Winter reading suggestions from North Carolina Bookwatch

It is time to talk about books again.

If you are looking for some special holiday gifts for some hard-to-give-to friends, I may have some help for you, thanks to UNC-TV’s North Carolina Bookwatch’s programs during the next few weeks.

Here is a book for lovers of history or politics: One of North Carolina’s most popular speakers about European history and the history of ideas is Lloyd Kramer, chair of the department of history at UNC-Chapel Hill. He makes complicated topics understandable and interesting. That is what he has done in his new book, “Nationalism in Europe & America: Politics, Cultures, and Identities since 1775.” I always thought of nationalism as our collective loyalty to our country, a good thing that binds our country’s people together. But Professor Kramer challenges those ideas in his book and in his conversation with meon Bookwatch on Friday, December 9, at 9:30 p.m. Sunday’s Bookwatch will be preempted by special Winterfest programming.

For those who love down to earth stories about North Carolina people, I recommend Ruth Moose. She is widely admired as an author, storyteller, poet, teacher, and supportive reviewer of the works of other writers. What grabs my attention are her stories about farmers, townspeople, preachers, teachers, handymen, and regular people struggling to get to the next day. Most are set in and near the Uwharries, where Moose grew up. Her book of short stories, “Rules and Secrets,” will be the subject of conversation on North Carolina Bookwatch. (Dec. 16, 18)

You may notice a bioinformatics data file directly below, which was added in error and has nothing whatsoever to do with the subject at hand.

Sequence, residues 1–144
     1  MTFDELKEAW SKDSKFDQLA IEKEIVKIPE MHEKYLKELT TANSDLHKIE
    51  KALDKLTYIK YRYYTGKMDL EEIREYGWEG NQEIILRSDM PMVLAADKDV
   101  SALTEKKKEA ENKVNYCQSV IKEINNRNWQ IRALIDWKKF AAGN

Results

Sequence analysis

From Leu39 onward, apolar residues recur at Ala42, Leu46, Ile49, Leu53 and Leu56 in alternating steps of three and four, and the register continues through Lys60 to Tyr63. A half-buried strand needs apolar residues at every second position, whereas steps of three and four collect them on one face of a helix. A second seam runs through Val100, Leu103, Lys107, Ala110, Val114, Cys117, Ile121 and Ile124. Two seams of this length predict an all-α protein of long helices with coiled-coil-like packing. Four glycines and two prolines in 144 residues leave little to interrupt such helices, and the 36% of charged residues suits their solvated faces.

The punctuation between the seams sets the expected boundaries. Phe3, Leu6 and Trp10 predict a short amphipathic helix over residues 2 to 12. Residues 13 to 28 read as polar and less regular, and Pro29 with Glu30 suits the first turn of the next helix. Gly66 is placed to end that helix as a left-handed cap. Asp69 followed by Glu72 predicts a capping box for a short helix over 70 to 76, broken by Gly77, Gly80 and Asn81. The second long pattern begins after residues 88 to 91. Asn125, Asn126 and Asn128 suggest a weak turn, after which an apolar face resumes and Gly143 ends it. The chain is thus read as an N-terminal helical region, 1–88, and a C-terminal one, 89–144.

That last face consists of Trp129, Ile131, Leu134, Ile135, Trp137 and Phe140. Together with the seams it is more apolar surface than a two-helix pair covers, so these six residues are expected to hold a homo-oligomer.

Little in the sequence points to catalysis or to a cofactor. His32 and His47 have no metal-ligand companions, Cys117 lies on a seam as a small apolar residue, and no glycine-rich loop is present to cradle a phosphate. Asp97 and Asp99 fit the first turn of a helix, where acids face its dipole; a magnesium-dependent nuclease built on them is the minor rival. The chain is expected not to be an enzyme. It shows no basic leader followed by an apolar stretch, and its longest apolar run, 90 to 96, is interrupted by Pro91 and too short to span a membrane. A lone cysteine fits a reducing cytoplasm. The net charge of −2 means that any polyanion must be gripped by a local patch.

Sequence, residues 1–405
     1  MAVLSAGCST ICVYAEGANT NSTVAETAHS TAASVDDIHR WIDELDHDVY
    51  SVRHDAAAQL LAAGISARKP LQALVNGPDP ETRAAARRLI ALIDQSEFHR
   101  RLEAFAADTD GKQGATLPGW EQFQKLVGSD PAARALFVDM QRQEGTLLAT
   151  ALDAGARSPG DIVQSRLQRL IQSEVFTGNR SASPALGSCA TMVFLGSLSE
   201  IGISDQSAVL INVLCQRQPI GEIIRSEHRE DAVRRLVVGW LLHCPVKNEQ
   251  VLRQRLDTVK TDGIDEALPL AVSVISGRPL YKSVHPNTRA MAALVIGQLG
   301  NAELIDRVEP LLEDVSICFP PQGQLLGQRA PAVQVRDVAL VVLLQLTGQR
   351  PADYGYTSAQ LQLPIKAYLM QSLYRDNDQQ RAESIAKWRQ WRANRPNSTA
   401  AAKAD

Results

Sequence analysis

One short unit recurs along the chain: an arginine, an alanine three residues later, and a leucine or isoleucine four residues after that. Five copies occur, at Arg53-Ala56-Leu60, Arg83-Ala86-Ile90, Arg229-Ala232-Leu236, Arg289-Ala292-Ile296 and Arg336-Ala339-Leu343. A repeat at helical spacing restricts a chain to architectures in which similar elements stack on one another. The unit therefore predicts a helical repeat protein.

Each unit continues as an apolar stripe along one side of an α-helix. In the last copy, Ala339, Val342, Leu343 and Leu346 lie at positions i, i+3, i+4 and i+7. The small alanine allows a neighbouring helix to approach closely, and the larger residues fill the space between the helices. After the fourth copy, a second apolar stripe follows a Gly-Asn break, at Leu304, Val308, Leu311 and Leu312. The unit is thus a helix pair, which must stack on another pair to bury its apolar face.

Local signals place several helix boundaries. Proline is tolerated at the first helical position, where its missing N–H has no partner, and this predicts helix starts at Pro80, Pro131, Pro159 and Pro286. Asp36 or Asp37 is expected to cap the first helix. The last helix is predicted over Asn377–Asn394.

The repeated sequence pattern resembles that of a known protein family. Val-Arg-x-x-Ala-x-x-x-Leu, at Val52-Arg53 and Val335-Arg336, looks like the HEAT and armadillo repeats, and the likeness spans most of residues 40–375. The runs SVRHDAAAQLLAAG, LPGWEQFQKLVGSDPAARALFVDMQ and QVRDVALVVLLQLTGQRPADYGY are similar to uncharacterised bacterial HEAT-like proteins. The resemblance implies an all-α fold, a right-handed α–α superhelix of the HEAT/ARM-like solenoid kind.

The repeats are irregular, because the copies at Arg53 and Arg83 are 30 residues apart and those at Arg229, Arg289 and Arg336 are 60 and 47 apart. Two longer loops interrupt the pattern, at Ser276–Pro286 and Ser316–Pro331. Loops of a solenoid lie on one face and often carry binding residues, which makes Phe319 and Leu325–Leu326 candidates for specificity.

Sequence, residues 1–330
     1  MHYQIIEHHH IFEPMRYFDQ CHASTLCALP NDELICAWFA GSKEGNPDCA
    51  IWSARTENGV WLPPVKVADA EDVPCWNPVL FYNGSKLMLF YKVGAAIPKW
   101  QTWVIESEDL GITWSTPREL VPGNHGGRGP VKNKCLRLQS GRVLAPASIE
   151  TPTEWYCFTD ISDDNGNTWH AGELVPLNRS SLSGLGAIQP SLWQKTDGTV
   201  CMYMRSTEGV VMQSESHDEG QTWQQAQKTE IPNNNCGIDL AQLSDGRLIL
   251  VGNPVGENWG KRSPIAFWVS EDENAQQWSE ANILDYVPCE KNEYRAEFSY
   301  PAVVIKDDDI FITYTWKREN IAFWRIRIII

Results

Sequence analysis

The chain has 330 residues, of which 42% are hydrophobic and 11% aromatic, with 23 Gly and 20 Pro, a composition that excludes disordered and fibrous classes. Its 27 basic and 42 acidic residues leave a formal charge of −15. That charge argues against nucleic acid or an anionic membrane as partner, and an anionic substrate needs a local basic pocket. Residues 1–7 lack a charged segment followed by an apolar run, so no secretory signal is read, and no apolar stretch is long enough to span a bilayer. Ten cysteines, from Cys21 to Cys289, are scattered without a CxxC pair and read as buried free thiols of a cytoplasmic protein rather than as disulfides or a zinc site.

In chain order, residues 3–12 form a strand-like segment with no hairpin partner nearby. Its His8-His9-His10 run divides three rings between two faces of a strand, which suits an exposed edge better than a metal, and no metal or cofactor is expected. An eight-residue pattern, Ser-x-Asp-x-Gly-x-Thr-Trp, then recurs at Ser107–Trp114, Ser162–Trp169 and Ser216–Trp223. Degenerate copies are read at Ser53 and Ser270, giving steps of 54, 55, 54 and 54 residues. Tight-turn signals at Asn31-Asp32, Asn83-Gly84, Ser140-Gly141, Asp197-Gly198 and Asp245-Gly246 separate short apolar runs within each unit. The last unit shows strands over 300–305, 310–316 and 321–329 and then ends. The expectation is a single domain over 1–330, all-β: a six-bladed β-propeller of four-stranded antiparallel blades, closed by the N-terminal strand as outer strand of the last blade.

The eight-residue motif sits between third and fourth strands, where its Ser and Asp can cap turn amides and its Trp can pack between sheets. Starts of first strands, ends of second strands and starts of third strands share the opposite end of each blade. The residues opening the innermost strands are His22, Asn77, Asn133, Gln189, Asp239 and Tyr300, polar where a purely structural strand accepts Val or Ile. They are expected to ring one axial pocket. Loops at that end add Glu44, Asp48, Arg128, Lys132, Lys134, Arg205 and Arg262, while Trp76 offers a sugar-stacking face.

If you know someone who ever wanted a career on Broadway or wanted a child to have such a career, “Broadway Baby” might be a perfect present. The author, Alan Shapiro, is a nationally acclaimed poet. “Broadway Baby,” his first novel, follows the life of a woman whose hopes for fame in show business for herself and later for her son end in disappointment. Publishers Weekly writes that Shapiro is “an acute observer of moments, people, art and language [who] packs even seemingly simple stories with many layers of meaning.” (Dec. 23, 25)
Here is a book for those who love a pet so much that cloning would be an idea to consider. Pulitzer prize-winning reporter John Woestendiek tells that story in “Dog, Inc.: The Uncanny Inside Story of Cloning Man’s Best Friend.” While entertaining his readers with the tale of how a former beauty queen and other Americans pushed scientists in Korea to make duplicates of their favorite pets, Woestendiek gently explains the science of cloning. (Dec. 30, note that the Sunday’s Bookwatch will be preempted for UNC-TV’s special New Year’s Day programming.)
History lovers may like “The Resurrection of Nat Turner Part One: The Witnesses,” even though it is fiction. Durham author Sharon Ewell Foster’s novel is based on groundbreaking historical research into the Nat Turner rebellion in Southampton County, Virginia, in 1831. Ever since, people have argued whether Turner was a terrorist, an early version of Osama bin Laden, or a hero of an unsuccessful, but justifiable, effort to liberate slaves. (Jan. 6, 8)
Don’t give your doctor friends “Top Screwups Doctors Make and How to Avoid Them” by world-famous North Carolinians, Joe and Terry Graedon. Their new book’s title gets your attention and gives notice of serious warnings about risks associated with medical procedures. (Jan. 13, 15)
Bookwatch’s current season ends January 15. But encore showings will begin Sunday, January 22. If we are able to have one more season of Bookwatch, it will probably begin in July 2012.






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D.G. Martin hosts UNC-TV’s “North Carolina Bookwatch,” which airs Fridays at 9:30 p.m and Sundays at 5 p.m. For more information or to view prior programs visit the webpage at